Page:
The Triumph Terrier Model T15 was the brain-child of Mr. Edward Turner (Born 1901) in mid-1952.
Father of the Tiger Cub.
The Tiger Cub
Designed in the late summer of 1952 the 150cc (9 cu. in.) Triumph Terrier was originally marketed not only as a commuter and learner machine but also as the bait to land the later sale of one of Triumph’s big twins to the owner of the lightweight machine. With its successor, the 200cc (12 cu. in.) Tiger Cub, over 112,000 were sold to 153 different countries between 1953 and 1969.
The Terrier was launched in November 1952 but the first examples were not sold until August 1953. The sports version of the Terrier, or ‘Tiger Cub’ was announced in November 1953 but again there was a delay with the first sales not being made until March 1954.
The early machines were very lightly built, as yet somewhat under-developed and therefore rather fragile, but were possessed of a remarkable performance for their small capacity. The Cub was very quick off the mark, capable in standard roadster trim of nearly seventy mph and yet gave astonishing fuel economy, well over one hundred miles per Imperial gallon being easily achievable. They were also agreeably noisy, the characteristic exhaust note and valve gear clatter being still remembered, even today!
Another factor which contributed towards their success was Style, with a capital’S’! Although the Cub had been Edward Turner’s design it was his design engineer Jack Wickes who really gave this new machine the Triumph ‘look.’ They bore a strong resemblance to the larger capacity and very successful twin cylinder machines from the same factory. In its early Shell Blue livery and with the very neat instrument nacelle the Cub was a handsome machine that really looked ‘right’. Later came other Cub models and other colour schemes but first and always was Turner’s desire give his customers something that was good to look at.
It was another of Turner’s design criteria that might have sent the Cub to an early grave had it not been for high performance figures and cheap spare parts. Even from his early days at the Ariel factory his dictum had always been to make, ‘The minimum amount of metal perform the maximum amount of duty’. This was all very well in principle but he very nearly went too far with the Cub which was for a long time under-engineered. If over stressed the mechanical, electrical and cycle parts were liable to break with monotonous regularity. Having far too much performance for their own good these machines, with young riders as yet inexperienced in the mysteries of proper use and maintenance of their mounts, were frequently ridden hard until something broke. Thus was born the Cub’s reputation for self-destruction! Big ends, clutches and main bearings were particularly vulnerable and overheating was a problem but over the years these and many other parts were strengthened and sorted out until, by the time they got it right, they decided to stop making it!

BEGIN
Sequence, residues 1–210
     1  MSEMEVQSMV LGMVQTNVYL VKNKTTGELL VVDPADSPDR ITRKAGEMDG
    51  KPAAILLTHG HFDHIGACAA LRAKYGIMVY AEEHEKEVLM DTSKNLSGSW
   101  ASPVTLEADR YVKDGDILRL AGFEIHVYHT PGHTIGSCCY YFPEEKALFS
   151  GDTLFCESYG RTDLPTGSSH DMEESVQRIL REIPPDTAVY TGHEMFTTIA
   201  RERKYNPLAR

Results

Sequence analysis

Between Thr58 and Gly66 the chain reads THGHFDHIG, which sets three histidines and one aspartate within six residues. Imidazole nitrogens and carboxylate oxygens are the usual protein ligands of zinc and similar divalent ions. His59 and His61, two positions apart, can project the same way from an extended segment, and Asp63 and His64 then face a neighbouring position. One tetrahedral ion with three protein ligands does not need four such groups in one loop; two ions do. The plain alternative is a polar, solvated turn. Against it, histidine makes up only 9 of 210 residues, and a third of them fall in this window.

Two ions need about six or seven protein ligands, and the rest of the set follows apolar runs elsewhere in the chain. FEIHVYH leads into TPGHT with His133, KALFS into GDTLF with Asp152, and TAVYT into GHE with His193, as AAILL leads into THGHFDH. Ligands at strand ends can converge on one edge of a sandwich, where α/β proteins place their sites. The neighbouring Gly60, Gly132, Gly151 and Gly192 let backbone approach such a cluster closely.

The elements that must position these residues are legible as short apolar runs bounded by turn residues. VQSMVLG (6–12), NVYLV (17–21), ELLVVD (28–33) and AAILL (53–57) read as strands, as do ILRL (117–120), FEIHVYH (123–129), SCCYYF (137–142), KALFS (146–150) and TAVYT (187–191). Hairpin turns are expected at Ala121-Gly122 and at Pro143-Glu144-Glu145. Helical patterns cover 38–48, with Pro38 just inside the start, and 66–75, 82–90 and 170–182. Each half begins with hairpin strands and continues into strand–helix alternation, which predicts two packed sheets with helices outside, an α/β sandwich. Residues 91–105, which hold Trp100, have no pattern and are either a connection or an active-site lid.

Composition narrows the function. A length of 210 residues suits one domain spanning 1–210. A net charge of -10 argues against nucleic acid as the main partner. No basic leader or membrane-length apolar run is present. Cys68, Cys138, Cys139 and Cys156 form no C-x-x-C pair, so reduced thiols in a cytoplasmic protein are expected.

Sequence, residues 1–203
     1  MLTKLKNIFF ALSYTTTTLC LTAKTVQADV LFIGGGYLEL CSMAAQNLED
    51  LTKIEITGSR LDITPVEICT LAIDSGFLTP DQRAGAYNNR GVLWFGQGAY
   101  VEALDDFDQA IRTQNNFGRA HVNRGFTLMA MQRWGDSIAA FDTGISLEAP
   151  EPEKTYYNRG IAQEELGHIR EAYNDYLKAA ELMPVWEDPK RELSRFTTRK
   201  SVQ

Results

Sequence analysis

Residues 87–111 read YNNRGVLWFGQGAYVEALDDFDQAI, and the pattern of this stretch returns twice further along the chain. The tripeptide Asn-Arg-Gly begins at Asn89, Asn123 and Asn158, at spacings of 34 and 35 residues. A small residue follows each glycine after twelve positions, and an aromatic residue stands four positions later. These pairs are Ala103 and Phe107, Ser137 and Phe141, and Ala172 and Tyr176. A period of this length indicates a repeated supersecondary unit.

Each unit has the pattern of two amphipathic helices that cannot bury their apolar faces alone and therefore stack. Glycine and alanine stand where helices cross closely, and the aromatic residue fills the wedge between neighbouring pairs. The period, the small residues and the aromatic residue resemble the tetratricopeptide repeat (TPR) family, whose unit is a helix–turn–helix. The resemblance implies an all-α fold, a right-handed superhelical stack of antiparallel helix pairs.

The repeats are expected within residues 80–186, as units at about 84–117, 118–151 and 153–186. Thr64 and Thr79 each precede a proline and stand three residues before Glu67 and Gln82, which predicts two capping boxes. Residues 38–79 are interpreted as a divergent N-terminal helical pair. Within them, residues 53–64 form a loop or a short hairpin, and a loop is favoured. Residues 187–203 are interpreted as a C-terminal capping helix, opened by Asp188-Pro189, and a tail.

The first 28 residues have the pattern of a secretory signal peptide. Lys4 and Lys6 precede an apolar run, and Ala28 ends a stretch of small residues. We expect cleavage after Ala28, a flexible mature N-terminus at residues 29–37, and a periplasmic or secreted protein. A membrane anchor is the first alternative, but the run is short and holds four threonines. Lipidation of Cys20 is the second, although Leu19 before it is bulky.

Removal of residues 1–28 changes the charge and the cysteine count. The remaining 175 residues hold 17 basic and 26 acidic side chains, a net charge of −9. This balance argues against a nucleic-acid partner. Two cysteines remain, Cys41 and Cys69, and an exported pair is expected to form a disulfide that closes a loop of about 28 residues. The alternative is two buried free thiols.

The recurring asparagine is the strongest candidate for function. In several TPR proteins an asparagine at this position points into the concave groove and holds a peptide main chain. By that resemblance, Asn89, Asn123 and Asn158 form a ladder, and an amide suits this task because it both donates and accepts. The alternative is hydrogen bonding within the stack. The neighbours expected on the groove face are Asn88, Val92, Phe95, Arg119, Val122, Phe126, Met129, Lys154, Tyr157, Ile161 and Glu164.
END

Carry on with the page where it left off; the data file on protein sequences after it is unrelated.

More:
During its lifetime more than twenty different model designations arose although these were all variations on a theme. There were two types of cam, two compression ratios, several different gearsets, two types of ignition system, lightweight and heavyweight forks, two different frames, multiple wheel sizes and tinware. Several models were developed for particular markets – the USA, Bermuda and the French army spring to mind – but it was a very versatile little machine, generally well-liked and with a characteristic exhaust note.
Many thousands of riders cut their motorcycling teeth on a Tiger Cub, a model well remembered and still popular today. Even now a Cub can make a decent commuter machine and in trials riding it still has a justifiably valued reputation. In the fifties and early sixties it was just about unbeatable on the American short tracks and cross-country events until more modern European designs arose and the two-stroke engine finally delivered its promised power. The end came with the very last machines produced in 1969 although volume production had all but ceased the year before.
The Tiger Cub, together with its much rarer predecessor the 150cc Terrier, can often be seen at various events and they are still enjoyed by their owners and onlookers. The advent of modern oils and electronics have considerably improved reliability and this machine will continue to be appreciated for many years to come. The Tiger Cub and Terrier Register now records the survival of over six thousand bikes, frames and engines and the total is going up all the time.